|Date of Birth||August 31, 1888|
|Place of Birth||Mattawa, Ontario|
|Next of Kin||Fred Gilbert, father, Kenora, Ontario|
|Trade / Calling||merchant|
|Service Record||Link to Service Record|
|Force||Canadian Expeditionary Force|
|Enlisted / Conscripted||Enlisted|
|Place of Enlistment||Kenora, Ontario|
|Age at Enlistment||26|
|Theatre of Service||Europe|
|Prisoner of War||No|
|Date of Death||December 5, 1982|
|Age at Death||94|
|Buried At||Mountain View Cemetery, Thunder Bay, Ontario|
|Plot||Blk 189 R-3 Lot 98|
David Patrick Gilbert was born on 31 August 1888 in Mattawa, Ontario, date and place confirmed by his baptism record. He was the son of Frederick Gilbert and Margaret Sheehan who had married on 5 April 1874 in Quyon, Pontiac, Quebec. The couple farmed in the area for a few years where children Mary (1875), George (1877), and Edward (1879) were born. In the early 1880’s the family moved to Mattawa where Fred worked on the construction of the Canadian Pacific Railway and later as a carpenter. Children born in Mattawa were Frederick (1882), Margaret (1884), Joseph (1886), and David. In the late 1890’s the family moved to Rat Portage (later renamed Kenora) where son William was born (abt 1898). Sadly David’s mother Margaret died in 1900. Fred married widow Isabel Farris (née Sinclair) in 1906. Isabella and her first husband John Farris were from the Maritimes, married in 1888 in Amherst, Cumberland County, Nova Scotia. Their first two sons, Angus Sinclair and John Edward, were born in Nova Scotia. Sometime after the 1891 census they moved to northwestern Ontario and son Laughlin was born in Keewatin in December of 1898. John Farris had passed away in November 1900. By the 1911 census only Fred, Isabella, Mary and Laughlin were left in the household. Over the years Fred worked as a carpenter/contractor with a number of buildings erected in Kenora under his supervision. Daughter Mary died in Kenora in March of 1912.
With occupation given as merchant and his father Fred as next of kin, David signed his attestation papers on 21 May 1915 in Kenora. For reasons unknown he gave his place of birth as Kenora. As a Private with the 52nd David trained in Port Arthur before embarking from St John, New Brunswick for overseas aboard the California on 23 November 1915.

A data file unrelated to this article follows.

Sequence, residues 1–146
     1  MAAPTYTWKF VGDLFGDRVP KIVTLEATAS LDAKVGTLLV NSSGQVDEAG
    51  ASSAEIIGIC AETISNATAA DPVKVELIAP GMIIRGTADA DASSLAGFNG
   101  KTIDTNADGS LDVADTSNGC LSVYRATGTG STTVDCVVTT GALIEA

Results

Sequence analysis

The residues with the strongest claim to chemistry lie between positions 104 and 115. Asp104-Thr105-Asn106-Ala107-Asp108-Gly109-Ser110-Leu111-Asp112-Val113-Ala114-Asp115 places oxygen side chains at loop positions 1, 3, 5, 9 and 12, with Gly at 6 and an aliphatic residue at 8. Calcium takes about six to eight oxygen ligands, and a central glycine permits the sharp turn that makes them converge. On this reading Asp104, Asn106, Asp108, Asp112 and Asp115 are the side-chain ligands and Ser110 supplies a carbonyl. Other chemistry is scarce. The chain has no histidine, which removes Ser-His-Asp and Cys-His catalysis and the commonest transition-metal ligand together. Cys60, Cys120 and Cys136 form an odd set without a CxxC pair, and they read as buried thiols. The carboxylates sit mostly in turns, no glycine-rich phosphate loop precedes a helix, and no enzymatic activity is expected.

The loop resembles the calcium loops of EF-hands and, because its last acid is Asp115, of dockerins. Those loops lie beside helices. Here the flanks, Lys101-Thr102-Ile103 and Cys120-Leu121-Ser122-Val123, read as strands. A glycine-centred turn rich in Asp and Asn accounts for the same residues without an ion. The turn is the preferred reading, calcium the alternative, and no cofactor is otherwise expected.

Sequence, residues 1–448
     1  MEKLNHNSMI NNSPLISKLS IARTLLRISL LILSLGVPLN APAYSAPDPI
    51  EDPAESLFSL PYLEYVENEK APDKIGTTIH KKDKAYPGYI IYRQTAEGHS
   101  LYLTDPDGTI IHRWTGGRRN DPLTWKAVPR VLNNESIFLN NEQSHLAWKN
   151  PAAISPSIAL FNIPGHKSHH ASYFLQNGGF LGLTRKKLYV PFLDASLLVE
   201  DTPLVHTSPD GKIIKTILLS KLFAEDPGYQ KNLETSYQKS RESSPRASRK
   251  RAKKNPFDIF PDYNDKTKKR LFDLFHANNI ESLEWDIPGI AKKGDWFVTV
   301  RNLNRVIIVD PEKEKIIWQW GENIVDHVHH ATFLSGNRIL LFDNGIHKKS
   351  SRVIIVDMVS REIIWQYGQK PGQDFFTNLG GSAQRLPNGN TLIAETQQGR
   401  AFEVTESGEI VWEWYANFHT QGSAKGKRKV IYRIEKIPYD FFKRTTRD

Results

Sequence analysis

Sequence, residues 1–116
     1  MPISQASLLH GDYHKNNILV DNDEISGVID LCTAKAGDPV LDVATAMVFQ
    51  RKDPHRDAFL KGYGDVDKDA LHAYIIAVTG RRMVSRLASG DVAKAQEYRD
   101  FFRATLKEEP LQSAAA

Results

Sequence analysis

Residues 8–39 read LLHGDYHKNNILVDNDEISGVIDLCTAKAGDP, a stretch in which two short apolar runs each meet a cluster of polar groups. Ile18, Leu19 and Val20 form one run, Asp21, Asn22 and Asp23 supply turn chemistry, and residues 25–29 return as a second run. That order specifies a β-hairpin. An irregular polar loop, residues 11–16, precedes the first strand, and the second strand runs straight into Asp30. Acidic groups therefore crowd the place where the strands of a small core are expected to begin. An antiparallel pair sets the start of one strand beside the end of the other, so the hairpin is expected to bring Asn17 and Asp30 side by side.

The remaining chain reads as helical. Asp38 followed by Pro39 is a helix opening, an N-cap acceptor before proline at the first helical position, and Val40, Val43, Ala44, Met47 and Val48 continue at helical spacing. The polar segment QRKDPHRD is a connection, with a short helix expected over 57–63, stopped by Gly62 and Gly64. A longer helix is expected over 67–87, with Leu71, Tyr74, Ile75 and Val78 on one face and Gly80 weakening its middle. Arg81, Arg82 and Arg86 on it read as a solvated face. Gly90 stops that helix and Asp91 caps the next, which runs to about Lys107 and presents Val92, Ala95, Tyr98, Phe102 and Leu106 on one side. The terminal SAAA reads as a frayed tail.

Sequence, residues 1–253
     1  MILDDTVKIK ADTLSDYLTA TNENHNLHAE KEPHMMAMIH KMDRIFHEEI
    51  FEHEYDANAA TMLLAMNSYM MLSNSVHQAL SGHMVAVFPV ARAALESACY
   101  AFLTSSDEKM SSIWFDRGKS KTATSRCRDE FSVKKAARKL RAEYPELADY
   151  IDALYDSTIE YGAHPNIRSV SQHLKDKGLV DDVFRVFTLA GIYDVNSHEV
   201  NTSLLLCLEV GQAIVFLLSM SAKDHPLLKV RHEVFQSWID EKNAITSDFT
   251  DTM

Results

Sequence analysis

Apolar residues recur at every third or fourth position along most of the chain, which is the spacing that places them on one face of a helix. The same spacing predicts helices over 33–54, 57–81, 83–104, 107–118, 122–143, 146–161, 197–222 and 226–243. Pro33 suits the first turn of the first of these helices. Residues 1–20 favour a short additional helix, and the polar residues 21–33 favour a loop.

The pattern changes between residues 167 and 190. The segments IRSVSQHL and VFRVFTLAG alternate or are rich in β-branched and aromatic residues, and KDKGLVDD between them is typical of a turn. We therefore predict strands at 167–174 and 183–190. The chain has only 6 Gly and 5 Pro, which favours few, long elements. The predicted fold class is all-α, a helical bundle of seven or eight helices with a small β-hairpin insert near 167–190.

David remained in England when his battalion left for France in February of 1916, attached briefly to the 34th Battalion and then to the 11th Reserve Battalion. In mid May 1916 he embarked for France, joining the 52nd Battalion on June 6th. Just two days later while in support at Zillebeke, Belgium, David sustained a through and through gunshot/shrapnel wound to the groin. He was evacuated through a Casualty Clearing Station at Poperinge to Etaples on the 9th and then to the 5th North General Hospital in Leicester on the 16th. He was transferred to the Kings Canadian Red Cross Convalescent Hospital at Bushy Park in early July for a few days and then on to the Canadian Convalescent Hospital Woodcote Park in Epson for physical training with discharge in mid August. David spent the rest of the war in England, going through many transfers while also spending time out of service (vdg, vds). He arrived back in Canada aboard the Cassandra on 6 March 1919, with final discharge due to demobilization in Winnipeg on April 7th.
David’s brother Joseph signed his attestation papers in Edmonton in August of 1915. He served overseas with the 44th Battalion, returning to Canada in December of 1918, discharged as medically unfit in January 1919 in Winnipeg. David’s step brother Laughlin Farris, age 16, signed up in Kenora on 1 September 1915, joining the 61st Battalion and passing himself off as 18. He served for about five weeks and was discharged at Camp Hughes on 9 October due to being medically unfit.
David returned to northwestern Ontario and on 31 December 1920, in Dryden, he married Florence Elizabeth Kennedy. Born in Hyas, Saskatchewan, Florence was the daughter of Donald and Mary Ann (née Doake) Kennedy. Both David and Florence had been living in Eagle River at the time of the marriage where David was working as an engineer. By the next year the couple was living just north of Vermilion Bay, David working as a fisherman. Well known and respected, David’s father passed away in Kenora in 1922.
For many years David operated a tourist camp and was a commercial fisherman in northwestern Ontario. He and Florence had four known children, sons Patrick and William John (Jack), and daughters Terry and Jane. According to his obituary David served during WW2 with the Forestry Corps. He and Florence eventually moved to Thunder Bay where he was a member of the Royal Canadian Legion, Branch 6.
Predeceased by Florence in 1970 and all of his birth family, David died on 5 December 1982, resident of the Hogarth Westmount Hospital in Thunder Bay. At the time of his death he was survived by his sons Patrick and Jack of Thunder Bay, and daughters Terry Rengelly of Murillo and Jane Gilbert of Linko. Also surviving were five grandchildren and four great grandchildren. David is interred in a military plot in Mountain View Cemetery, Thunder Bay.
by Judy Stockham
David’s obituary provided by the Thunder Bay Public Library
David’s grave marker photograph courtesy of Lynda Piila